For processes that update our data stores in response to changes to the blockchain ledger, we decided to use event-driven communication via Kafka.

External events, such as the addition of blocks to the blockchain, trigger these processes and flow in one direction like a data pipeline.  Services parsing, transforming, and filtering blockchain state changes follow one another, and at each step, no context of the overarching process is needed.

Using Kafka provides us with maximum flexibility to introduce additional future subscribers and to replay events to reconcile any inconsistencies between Paxos data stores and the blockchain state. This eliminates the need for centralizing process logic.

We have chosen Kafka because of its ability to scale with high-throughput systems, and we plan to use its message replay” feature.

3. RPC for service implementation

We have implemented our microservices as RPC services to have the flexibility to adapt to future strategy changes, such as introducing additional workflows orchestrated by Temporal. The central orchestrator can directly interact with the services required for a specific workflow by designing our microservices as RPC services.

For services interacting with our event stream, it is important to incorporate an adapter that can translate events into RPC calls and vice versa.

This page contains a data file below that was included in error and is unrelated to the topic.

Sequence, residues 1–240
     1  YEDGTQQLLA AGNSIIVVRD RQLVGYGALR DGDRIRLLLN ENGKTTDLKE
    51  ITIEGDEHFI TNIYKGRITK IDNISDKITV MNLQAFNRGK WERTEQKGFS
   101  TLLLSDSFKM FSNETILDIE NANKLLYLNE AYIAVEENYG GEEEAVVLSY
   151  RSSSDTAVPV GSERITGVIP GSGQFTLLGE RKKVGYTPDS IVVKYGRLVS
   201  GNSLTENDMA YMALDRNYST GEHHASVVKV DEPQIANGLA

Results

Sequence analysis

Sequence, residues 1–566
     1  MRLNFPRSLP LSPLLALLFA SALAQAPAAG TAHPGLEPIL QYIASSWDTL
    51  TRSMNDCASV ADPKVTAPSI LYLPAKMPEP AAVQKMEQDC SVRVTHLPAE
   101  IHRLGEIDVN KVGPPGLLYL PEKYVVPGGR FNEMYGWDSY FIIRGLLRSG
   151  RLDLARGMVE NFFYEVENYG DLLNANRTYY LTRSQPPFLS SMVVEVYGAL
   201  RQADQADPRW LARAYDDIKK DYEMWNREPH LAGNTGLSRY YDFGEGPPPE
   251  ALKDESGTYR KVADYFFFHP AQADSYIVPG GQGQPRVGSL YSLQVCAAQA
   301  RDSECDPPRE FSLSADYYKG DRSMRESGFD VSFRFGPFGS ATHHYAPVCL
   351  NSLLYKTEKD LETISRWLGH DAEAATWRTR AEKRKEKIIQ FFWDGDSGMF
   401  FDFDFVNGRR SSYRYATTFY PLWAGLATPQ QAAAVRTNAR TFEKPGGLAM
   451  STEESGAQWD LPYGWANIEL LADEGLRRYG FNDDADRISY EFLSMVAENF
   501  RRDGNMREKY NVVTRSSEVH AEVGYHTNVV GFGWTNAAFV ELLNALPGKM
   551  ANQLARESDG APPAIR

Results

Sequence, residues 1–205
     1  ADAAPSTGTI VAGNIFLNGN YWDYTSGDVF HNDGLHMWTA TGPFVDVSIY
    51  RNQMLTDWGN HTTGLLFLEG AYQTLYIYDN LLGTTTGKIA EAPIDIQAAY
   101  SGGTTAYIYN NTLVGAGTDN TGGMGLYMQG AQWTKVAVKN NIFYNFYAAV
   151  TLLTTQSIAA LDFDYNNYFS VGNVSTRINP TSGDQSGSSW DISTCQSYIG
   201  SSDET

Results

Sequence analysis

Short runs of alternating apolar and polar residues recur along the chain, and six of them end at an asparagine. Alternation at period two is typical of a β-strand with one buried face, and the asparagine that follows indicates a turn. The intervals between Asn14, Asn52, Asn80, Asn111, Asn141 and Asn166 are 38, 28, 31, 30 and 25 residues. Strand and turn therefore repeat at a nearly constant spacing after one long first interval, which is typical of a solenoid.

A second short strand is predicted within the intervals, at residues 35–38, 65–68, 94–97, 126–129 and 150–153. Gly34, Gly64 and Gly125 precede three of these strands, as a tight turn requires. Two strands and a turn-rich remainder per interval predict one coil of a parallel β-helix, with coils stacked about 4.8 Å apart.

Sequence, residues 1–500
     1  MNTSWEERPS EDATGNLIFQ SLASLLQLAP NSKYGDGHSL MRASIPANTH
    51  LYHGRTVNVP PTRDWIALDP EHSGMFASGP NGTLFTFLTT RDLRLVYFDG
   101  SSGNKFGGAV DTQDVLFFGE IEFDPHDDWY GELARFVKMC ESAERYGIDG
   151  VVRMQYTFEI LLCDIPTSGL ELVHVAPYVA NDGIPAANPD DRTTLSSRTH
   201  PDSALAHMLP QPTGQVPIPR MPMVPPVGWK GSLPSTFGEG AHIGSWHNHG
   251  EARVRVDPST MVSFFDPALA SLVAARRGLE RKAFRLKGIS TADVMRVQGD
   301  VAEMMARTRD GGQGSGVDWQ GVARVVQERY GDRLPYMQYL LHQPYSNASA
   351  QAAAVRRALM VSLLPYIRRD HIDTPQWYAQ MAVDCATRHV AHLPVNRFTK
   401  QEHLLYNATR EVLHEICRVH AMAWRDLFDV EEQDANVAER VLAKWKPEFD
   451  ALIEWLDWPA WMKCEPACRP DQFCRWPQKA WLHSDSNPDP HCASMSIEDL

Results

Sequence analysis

This setup ensures that our architecture is future-ready and can adapt to evolving requirements.


The Paxos Blockchain Team has adopted a hybrid approach to inter-service communication in our microservices architecture to meet our system requirements. For well-defined internal business processes, we leverage workflow management via Temporal. This ensures effective tracking and state management while avoiding a system with unclear side-effects. Blockchain state changes employ a pipeline-style approach via Kafka for flexible, event-driven communication.

By implementing our microservices with gRPC interfaces, we ensure the adaptability to meet future strategic shifts. This architecture optimizes our system’s resilience, scalability, and technology freedom, setting us up for future growth.

Considering a career in blockchain?
Explore our
open engineering roles.

Featured articles

Blockchain, Crypto &
the Modern Enterprise

Our monthly newsletter covers the latest perspectives and important topics focused on the crypto landscape for enterprises. Subscribe to stay informed!